If we could understand this phrase and live by it, we wouldn’t have any problems or stress in our lives ever again. We would understand how to decide what to do when to do it, and with whom. But, and this is a big but, although we can conceptually understand the phrase above, we aren’t wise enough to live by it. Here’s the hook, line, and sinker: we aren’t wise enough because our minds are too strong and our intellects are too weak. Recall that our minds are the home of our emotions and desires.

So if this equipment is strong it means that we are controlled by our emotions and desires first. We allow these emotions and desires to take over. This means our ability to rationalize and be objective isn’t strong enough hence our intellects are weak. With a weak intellect, you’ll be tossed and turned in all directions by the impulses of your senses. In the Bhagavad Gita and the Yoga Sutras of Patanjali, there’s a visual example to better showcase how your senses, body, mind, intellect, and Spirit interplay.

Imagine a horse and carriage, with its driver controlling the reins and the passenger inside the carriage. The horse represents our five senses going in all directions. The reins represent the mind because wherever the senses go the mind goes, too. The driver represents the intellect. So the intellect has to be strong to control the reins attached to the horse in order to arrive safely to their destination.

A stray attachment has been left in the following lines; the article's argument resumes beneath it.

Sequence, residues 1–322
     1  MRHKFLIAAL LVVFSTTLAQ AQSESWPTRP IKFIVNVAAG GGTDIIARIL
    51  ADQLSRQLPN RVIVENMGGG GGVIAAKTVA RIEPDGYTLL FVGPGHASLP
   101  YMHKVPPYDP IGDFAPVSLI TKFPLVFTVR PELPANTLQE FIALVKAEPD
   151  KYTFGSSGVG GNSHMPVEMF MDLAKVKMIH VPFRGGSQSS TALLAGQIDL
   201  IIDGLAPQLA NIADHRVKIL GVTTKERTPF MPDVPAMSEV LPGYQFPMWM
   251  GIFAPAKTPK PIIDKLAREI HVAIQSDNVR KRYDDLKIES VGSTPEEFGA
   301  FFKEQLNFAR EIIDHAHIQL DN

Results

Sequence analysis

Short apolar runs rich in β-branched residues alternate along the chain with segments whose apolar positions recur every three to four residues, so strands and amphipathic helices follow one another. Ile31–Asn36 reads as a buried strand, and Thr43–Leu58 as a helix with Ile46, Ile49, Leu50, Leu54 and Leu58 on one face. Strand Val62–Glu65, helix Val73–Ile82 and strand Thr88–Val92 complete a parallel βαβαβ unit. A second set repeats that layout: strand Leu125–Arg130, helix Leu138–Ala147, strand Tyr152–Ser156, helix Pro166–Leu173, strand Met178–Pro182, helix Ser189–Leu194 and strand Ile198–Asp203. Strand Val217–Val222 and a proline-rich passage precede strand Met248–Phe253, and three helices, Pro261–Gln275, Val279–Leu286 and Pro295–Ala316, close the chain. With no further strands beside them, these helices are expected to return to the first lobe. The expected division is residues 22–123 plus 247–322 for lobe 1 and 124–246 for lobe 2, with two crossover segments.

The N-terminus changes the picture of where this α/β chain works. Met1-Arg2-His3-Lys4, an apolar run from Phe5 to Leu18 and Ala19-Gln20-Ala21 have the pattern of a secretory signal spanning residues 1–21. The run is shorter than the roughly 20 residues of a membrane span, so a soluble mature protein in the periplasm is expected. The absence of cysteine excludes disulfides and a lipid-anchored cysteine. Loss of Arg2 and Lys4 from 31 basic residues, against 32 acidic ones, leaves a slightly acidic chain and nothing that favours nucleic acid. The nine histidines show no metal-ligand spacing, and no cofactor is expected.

The carriage is your body. The passenger inside the carriage is the spirit. What would happen if the driver let go of the reins? The horse would run all over the place, the carriage wouldn’t be safe, and the passenger wouldn’t have a place to sit during their journey.

Therefore, the process of taking control of your life falls on the priority to develop your intellect and make it so strong that no matter where those horses (the senses) want to roam, you know how to pull the reins (the mind) back into the right position.

When you make a decision you use one of the following methods:

  1. Just your mind
  2. Just your intellect
  3. Both your mind and your intellect

If you only use your mind, you could be pulled by your senses before you make the decision. You’ll feel confused and doubt about your decision. You’ll then have suffering involved with the outcome of the decision. If you use your intellect, you’ll remain calm before, during, and after the decision has been made.

You’ll have no doubts and be clear. You may be feeling different things, but understand clearly what needs to be done. If you use your mind and your intellect together, then both your emotions and your thought processes are in agreement and you’ll feel at peace knowing that you’ve made the right decision.

Assessing Your Mind